Routine Eye Exams Could Give Clues About Dementia Later in Life

By | March 19th, 2019

Most people get a yearly eye exam to test their vision and look for signs of degeneration and even diabetes, brain tumors and high cholesterol. But now, a new test could add another preventative screening to your exam: Alzheimer’s.

Where Alzheimer’s Shows Up in the Eye

Researchers from Boston Medical Center were able to see levels of the proteins, beta-amyloid and tau, that accumulate in toxic levels in the brains of people with Alzheimer’s by looking into study participants’ eyes. In brains affected by Alzheimer’s disease, those proteins form into plaques and tangles and cause neuron death, leading to symptoms like memory loss. But the accumulation of those proteins starts decades before symptoms are noticeable. The study, published in the Journal of Alzheimer’s Disease, connected those protein biomarkers to mental status, marking the eyes as a potential easy, quick and cheap diagnostic tool for Alzheimer’s.

Currently, Alzheimer’s is typically only diagnosed in death once a brain can be examined for the telltale signs during an autopsy. Patients can get a cerebrospinal fluid test or a PET scan to look for the proteins and confirm a diagnosis, but those tests are expensive, invasive, and are not covered by insurance because Alzheimer’s has no effective treatment.

Alzheimer’s Proteins Found in Eye Fluid

For this study, researchers analyzed the eye fluid of 80 patients scheduled to undergo eye surgery. They tested the fluid for the protein markers, then compared those levels to results of a baseline cognitive test. Levels of the proteins were associated with lower cognitive scores among the patients.

“These findings could help us build an accessible and minimally invasive test to determine Alzheimer’s disease risk, especially among patients with eye disease,” says Lauren Wright, MD, first author on the study and ophthalmology fellow at BMC. “We noted that some of the participants who had low levels of protein biomarkers in their eye fluid already had signs of mild to moderate dementia based on their cognitive scores.”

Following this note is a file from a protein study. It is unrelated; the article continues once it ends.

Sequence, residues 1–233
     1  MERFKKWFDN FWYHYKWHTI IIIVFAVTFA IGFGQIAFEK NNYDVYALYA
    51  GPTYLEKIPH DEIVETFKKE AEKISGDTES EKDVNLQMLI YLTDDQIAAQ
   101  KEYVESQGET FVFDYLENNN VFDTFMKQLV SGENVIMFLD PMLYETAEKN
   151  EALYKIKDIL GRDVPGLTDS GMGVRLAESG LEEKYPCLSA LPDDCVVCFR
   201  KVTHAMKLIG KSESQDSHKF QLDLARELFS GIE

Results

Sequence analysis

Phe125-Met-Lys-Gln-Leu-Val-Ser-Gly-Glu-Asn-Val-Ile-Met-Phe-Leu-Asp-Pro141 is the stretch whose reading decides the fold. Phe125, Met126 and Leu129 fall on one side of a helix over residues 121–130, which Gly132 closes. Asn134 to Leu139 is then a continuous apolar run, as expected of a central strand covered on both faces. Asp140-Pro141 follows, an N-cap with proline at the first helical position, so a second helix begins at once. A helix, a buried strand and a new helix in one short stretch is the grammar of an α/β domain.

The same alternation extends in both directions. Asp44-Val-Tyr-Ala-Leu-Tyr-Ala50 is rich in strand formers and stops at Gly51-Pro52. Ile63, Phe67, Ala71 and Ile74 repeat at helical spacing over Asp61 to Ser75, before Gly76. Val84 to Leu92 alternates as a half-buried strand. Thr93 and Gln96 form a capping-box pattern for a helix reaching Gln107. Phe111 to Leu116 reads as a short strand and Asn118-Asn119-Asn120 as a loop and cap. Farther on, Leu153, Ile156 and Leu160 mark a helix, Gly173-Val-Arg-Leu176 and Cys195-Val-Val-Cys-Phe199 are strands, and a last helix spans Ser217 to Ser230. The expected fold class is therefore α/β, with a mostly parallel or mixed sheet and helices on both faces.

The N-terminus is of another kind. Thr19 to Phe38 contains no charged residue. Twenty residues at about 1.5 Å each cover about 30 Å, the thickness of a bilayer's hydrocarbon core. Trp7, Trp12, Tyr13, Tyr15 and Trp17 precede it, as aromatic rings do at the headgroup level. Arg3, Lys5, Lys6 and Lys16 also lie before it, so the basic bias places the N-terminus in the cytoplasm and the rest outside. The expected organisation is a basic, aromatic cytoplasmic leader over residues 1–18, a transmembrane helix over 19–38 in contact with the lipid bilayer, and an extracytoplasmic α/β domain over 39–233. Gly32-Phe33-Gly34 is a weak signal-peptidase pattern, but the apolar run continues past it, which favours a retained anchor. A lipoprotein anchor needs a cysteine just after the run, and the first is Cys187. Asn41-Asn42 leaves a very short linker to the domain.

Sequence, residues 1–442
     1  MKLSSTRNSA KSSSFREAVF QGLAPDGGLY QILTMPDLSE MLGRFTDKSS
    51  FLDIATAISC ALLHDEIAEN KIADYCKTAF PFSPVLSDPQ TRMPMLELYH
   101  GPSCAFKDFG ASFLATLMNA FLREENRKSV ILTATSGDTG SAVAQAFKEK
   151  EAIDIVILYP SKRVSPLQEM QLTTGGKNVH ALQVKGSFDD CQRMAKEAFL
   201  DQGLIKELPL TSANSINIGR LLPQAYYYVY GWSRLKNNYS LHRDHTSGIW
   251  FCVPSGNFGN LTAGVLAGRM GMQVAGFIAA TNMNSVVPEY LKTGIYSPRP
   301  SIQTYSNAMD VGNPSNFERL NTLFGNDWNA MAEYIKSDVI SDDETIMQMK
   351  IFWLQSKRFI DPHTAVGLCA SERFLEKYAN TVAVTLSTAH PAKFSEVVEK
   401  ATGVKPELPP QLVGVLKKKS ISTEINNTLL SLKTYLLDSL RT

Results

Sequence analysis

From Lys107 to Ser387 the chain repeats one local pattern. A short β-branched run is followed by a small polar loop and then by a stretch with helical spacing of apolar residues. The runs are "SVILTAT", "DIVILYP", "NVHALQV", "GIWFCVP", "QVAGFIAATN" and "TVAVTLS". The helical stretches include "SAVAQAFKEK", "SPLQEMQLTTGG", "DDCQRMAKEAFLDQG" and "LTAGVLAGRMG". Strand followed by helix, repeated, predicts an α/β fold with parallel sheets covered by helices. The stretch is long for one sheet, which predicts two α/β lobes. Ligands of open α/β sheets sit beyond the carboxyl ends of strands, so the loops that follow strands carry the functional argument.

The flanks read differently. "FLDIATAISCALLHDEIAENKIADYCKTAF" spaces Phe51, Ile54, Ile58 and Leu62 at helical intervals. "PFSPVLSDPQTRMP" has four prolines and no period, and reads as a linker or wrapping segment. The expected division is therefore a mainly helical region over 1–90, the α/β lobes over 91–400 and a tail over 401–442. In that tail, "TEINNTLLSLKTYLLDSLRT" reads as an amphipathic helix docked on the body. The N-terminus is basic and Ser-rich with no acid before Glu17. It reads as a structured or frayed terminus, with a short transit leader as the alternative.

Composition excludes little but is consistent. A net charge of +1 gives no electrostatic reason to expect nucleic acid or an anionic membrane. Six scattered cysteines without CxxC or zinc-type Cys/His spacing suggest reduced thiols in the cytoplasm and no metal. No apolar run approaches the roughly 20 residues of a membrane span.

Why a Test That Can Detect Alzheimer’s Early, Cheaply and Effectively Is Necessary

In order to potentially stop Alzheimer’s, researchers now believe that a therapy would need to be delivered to the brain in the early stages of the disease, before symptoms present. An eye diagnostic tool like this one would help identify patients who could most benefit from a clinical trial or potential drug when one is available. They could also start making lifestyle changes associated with a lower risk of developing Alzheimer’s.

“This is a great step in discovering the eye’s potential role in diagnosing preclinical Alzheimer’s disease, and further study is needed comparing protein biomarkers in the eye with more in-depth neurological testing,” adds Manju Subramanian, M.D., senior author, principal investigator and ophthalmologist at BMC.

Alzheimer’s Also Presents in Blood Vessels

Last week, a study of over 200 people by the Duke Eye Center found that cognitive differences pointing to dementia can also show up in the density of blood vessels in the eyes.